His supporters tend to be less educated, less well-off, and white. This has become a central, disaffected class in the United States, and while focus has been on other groups, Trump has spoken to this one. He has addressed their economic and cultural interests, and no candidate has done that in a long time.
Friedman does state this condescendingly, but as a point of fact. He analyzes some of the numbers in order to make this point:
American political culture has rarely been triggered by inequality, but by the inability to acquire the basics of American life. The problem with the Republicans is that they have not noticed that the defining issue of this generation is the collapse in the standard of living of the middle and lower-middle classes. This is part of what brought Trump to where he is today, but only part.
The deeper problem was the perception of the white segment of the lower-middle class that their problems were invisible. They heard talk about African-Americans or Hispanics and the need to integrate them into society. However, from the white lower-middle class perspective, there appeared to be little interest in the challenges facing their demographic. Indeed, there was a perception that the upper strata and the media not only didn’t care about them, but had contempt for their beliefs.
The white lower-middle class is divided into two parts. One part has already been shattered by economic pressures, family fragmentation, drugs, and other forces. Another part is under equal economic pressure but has not yet fragmented. It retains values such as religiosity, traditional sexual mores, intense work ethic, and so on.
This is the class that has been deemed pathological by the media and the upper classes. Its opposition to homosexuality, gay marriage, abortion, promiscuity, and the rest (which was the social norm a generation ago) is now treated as a problem that needs to be overcome, rather than the core of a decent society. The speed of the shift in the values of dominant classes has left this class in a position where those values taught at home and at church are now regarded by the broader society as despicable. Repercussions are bound to happen.
Yes, they were. As Friedman rightly points out, these folks are “intensely cynical” about the political system; they are frustrated by what they perceive (rightly or wrongly) to be corruption and incompetence; they “view this elite as claiming rights they haven’t earned. The lower-middle class can tolerate earned wealth, and even respect it, but cannot accept what they see as manipulated wealth and power.” And they “also see politicians as being dishonest in other ways: saying whatever they need to say in order to be elected.” Far worse, many politicians do not address the issues that matter; the politicians “are implicitly and explicitly rejecting lower-middle class values.” He then offers a compelling case for why Trump, who is wealthy and elite, has captured the imagination and support of these angry voters. Friedman then concludes:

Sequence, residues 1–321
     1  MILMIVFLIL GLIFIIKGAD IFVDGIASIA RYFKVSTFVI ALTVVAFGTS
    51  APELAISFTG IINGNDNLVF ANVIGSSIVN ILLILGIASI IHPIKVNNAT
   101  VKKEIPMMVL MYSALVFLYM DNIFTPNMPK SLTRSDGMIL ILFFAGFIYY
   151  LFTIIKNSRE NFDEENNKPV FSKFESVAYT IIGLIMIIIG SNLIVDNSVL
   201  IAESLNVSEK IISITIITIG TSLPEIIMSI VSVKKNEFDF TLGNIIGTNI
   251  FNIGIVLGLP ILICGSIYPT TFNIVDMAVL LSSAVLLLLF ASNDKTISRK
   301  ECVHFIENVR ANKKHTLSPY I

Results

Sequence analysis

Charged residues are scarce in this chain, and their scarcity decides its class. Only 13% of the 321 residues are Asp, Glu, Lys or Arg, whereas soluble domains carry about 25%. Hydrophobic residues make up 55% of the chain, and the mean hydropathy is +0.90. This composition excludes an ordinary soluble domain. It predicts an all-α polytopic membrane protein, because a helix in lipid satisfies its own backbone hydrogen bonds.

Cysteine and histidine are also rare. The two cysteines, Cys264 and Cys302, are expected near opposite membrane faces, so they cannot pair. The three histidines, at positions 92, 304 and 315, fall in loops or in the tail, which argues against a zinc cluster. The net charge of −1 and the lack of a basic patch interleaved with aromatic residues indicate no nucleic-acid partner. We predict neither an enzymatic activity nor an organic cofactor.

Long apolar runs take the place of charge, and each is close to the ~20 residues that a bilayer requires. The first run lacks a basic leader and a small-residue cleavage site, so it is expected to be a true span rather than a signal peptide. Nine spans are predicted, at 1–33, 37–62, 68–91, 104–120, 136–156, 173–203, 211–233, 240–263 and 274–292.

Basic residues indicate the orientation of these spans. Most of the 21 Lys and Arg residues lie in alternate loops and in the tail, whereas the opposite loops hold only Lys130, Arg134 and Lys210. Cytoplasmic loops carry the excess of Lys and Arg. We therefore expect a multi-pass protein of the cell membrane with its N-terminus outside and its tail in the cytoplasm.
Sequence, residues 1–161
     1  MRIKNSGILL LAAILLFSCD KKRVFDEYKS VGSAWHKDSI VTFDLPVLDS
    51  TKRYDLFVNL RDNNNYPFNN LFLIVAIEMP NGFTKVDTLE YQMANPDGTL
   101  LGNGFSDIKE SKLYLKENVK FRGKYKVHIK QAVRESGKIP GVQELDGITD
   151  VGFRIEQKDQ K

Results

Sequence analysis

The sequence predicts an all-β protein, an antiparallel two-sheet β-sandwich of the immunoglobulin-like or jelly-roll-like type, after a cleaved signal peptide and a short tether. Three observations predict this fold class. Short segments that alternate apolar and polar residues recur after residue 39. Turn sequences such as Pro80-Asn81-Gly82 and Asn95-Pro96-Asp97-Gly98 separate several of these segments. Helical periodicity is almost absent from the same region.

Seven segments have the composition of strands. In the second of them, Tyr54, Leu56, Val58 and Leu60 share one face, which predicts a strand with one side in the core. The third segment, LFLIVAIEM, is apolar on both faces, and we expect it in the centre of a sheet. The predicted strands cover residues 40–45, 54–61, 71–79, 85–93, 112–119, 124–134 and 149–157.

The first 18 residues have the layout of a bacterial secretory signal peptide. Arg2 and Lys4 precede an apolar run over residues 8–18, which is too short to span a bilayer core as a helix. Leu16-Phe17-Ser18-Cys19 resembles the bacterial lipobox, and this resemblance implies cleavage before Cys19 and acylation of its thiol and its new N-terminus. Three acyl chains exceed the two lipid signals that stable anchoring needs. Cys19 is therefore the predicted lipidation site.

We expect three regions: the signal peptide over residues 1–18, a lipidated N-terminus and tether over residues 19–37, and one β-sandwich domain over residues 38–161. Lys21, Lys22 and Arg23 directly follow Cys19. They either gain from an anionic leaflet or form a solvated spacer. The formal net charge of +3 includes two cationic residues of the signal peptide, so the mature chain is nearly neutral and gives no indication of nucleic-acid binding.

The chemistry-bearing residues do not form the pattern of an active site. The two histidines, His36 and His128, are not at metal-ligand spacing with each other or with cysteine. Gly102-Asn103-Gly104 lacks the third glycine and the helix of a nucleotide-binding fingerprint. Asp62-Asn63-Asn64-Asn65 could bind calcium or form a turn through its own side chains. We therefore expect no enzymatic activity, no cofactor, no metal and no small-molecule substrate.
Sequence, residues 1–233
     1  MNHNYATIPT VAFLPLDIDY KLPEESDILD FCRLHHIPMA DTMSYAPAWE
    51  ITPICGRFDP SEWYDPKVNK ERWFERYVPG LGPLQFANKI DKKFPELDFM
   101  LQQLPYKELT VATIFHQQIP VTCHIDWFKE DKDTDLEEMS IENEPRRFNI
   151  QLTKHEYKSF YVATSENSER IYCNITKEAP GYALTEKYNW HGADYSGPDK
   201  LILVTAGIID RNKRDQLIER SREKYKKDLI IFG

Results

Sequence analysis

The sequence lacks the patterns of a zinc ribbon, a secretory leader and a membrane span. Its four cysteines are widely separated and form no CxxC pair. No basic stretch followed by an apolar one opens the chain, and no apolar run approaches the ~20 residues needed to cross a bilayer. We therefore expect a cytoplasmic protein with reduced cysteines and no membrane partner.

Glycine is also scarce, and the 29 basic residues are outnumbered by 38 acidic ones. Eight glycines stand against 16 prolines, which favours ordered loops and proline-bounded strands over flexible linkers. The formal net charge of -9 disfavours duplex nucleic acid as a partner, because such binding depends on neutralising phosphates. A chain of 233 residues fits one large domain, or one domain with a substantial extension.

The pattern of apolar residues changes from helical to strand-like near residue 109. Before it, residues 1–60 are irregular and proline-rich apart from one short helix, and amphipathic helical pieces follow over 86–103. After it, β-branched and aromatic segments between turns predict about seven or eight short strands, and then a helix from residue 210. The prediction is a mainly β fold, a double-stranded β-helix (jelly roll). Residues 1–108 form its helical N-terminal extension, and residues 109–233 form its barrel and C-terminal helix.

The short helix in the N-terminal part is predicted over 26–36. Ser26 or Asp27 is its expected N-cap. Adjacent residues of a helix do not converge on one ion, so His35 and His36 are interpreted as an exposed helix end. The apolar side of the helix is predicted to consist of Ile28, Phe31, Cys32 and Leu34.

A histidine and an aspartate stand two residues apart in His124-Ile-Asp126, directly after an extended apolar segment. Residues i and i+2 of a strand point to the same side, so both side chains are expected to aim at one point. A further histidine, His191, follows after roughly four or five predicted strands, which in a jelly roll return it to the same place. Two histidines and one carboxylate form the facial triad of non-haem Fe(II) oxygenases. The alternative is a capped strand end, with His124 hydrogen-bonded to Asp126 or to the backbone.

The culture wars have been won in the Democratic Party, so there are few voters to win over on that basis. Any Democratic candidate will counter Trump on the economic issue. And those in the Republican upper-middle class are no friends of the Republican lower-middle class. It is not clear how he bridges the gap.
I don’t think Trump can win the presidency. But he has revealed a serious structural weakness in the American polity. As Americans who earn below the median income are increasingly unable to live the life they could have expected a generation ago, they will join in with resentment against the upper classes. That resentment will be built around cultural issues, as well as economic ones.
That is an important insight: this situation is about a combination of economic issues, political frustrations, and cultural clashes. Trump has managed to draw on all three. I have to think this resonates with those Catholics who support him. So, will it be enough? More importantly, is Trump really the answer to the current crisis, which I think it is, at risk of tossing in my own hyperbolic shrapnel? Is he fit to be President? If he is elected, is it a nail in the coffin of the Republican Party? And what does all of this mean for serious, practicing Catholics in the U.S.? These are fascinating questions and we’ll be revisiting them often in the weeks and months to come.